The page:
Today's Environmental News in New York
New York State put up the Cuomo Wall last week to keep the natural gas boom from spilling over into the Southern Tier.
First-ever federal rules on waste coal ash from power plants will continue to allow ash, which contains mercury and other toxic heavy metals, to be used to make cement, as has been done for years at the Lafarge North America cement plant.
President Barack Obama wants the U.S. to get serious about climate change. He’s proposed to limit carbon emissions from power plants. The coal industry and conservative politicians say new carbon rules will kill King Coal, and they warn that without it, severe weather events, like last year’s polar vortex, could leave people in the cold and dark.
The future of lake trout in Adirondack waters is uncertain, and scientists are beginning to understand why.
The biggest penalty in Putnam, Rockland and Westchester counties was $20,630, levied on Orangetown's Sewer Department by the state Department of Environmental Conservation and the Environmental Protection Agency for effluent violations.
One day after the Cuomo administration clamped a ban on horizontal shale gas drilling in New York, Dave Andersen of Norwich declared he is going to close down the water-testing service he has operated for 24 years.
After hearing Wednesday’s hydraulic fracturing announcement, Neil Vitale conceded the future of his Steuben County dairy farm looks grim. The 66-year-old farmer said the days of Vitale’s Organic Farm seem numbered.
The Long Island Power Authority came under heavy criticism Wednesday after it voted to delay renewable energy projects it had promised and scuttled a $1 billion offshore wind farm.
No fracking way! After years of foot-dragging and intense political debate, Gov. Cuomo’s administration announced Wednesday that it will not allow the controversial gas drilling process known as hydrofracking in New York.
Dryden's landmark court victory on hydraulic fracturing weighed heavy as New York officials announced Wednesday that the state won't allow fracking.
New York officials Wednesday closed the door on fracking in the state while opening the door to celebration on the part of environmentalists as well as anger – and possible legal action – from supporters of the controversial natural gas drilling practice.
Sen. Jeff Klein (D-Bronx), has released a new report, "Toxic Tidings," that runs down a naughty list of gifts featuring beloved characters like Hello Kitty and Spider-man that might be better suited for a hazmat facility than a spot under the Christmas tree.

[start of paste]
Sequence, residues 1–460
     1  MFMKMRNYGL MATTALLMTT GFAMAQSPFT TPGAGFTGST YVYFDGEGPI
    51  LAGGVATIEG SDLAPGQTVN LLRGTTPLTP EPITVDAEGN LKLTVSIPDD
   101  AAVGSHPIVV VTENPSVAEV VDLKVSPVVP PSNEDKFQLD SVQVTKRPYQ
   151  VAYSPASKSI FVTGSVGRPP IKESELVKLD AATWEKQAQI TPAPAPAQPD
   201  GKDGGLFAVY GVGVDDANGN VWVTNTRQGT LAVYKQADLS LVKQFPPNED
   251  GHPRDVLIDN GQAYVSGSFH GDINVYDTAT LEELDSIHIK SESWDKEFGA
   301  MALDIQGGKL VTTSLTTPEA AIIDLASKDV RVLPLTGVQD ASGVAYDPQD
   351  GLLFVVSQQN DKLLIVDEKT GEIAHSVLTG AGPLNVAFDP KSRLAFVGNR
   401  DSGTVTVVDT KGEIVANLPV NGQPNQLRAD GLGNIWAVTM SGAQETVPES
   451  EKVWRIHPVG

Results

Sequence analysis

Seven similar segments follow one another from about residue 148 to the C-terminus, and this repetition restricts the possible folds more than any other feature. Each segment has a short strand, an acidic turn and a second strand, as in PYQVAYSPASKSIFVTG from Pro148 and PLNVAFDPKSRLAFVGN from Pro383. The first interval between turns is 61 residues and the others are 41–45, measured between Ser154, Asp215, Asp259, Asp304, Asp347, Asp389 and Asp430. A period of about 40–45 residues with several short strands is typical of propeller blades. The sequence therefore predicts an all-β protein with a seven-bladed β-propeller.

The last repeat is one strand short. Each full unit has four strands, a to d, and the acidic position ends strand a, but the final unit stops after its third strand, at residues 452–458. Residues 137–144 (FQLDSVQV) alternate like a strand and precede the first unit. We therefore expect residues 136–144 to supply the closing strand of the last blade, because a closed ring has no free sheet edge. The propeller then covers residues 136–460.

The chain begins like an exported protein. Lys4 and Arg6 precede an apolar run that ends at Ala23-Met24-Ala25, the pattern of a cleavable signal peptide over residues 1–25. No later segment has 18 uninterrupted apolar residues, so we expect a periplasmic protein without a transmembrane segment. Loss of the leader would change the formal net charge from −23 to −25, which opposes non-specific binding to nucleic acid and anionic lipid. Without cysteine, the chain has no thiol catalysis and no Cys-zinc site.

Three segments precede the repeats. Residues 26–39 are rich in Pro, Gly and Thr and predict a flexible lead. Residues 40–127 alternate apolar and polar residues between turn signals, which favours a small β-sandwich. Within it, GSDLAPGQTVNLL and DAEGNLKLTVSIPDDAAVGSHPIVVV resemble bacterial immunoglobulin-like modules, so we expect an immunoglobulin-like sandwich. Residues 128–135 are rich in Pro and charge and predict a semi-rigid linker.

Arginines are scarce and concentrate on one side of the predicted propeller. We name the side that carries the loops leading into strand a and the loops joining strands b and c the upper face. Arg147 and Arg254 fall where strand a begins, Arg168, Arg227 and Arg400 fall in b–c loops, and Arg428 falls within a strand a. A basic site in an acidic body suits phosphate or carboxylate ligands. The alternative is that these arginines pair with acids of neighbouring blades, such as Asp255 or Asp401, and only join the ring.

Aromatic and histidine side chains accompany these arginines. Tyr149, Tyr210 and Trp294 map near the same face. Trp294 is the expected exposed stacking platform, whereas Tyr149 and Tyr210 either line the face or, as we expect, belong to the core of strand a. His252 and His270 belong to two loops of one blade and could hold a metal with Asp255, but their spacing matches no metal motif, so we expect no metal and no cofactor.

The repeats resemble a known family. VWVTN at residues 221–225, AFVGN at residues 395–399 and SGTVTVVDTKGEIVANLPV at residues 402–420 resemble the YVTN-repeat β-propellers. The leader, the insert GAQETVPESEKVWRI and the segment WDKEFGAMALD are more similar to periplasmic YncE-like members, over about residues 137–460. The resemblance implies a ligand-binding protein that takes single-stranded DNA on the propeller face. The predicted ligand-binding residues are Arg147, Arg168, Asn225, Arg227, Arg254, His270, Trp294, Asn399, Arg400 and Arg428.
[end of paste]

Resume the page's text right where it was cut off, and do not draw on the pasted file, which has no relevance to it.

Uncertainty over safety and diminished economic potential were the key talking points in Wednesday's recommendations that will keep high-volume hydrofracking out of New York for the foreseeable future.
A temporary ban on the controversial gas extraction method hydrofracking has dragged on for years. Even as the governor says a long-awaited study is nearing completion, a large group of local officials want the ban to continue.
A reform group studied votes taken by local governments across the state on whether to allow hydro fracking, and found numerous potential conflicts of interest that they say could have tainted the outcome of the votes.
For more than two years, state officials have kept New Yorkers in suspense as to whether their review of scientific studies has led them to be believe the health risks from shale gas drilling are acceptable or unacceptable.
A cement plant in southern Albany County has been hit with a $100,000 state fine for polluting a stream that feeds the Hudson River, with some violations going back more than three years.
With major announcements expected on hydraulic fracturing and casino sighting in New York expected imminently, watchdogs are warning that small town officials are not subject to tough enough ethics and disclosure laws and could be hiding major conflicts of interest.
A proposed 430-unit townhome/apartment complex planned for part of a former Latta Road apple orchard has nearby subdivision residents worried about arsenic-tainted soils.
John Waldman is standing on a dirt path, surrounded on all sides by 4-foot-tall sea grass, staring out across Jamaica Bay. Seagulls are flying overhead. Ducks are gliding across the water. A conservation biologist, Waldman is in his element.
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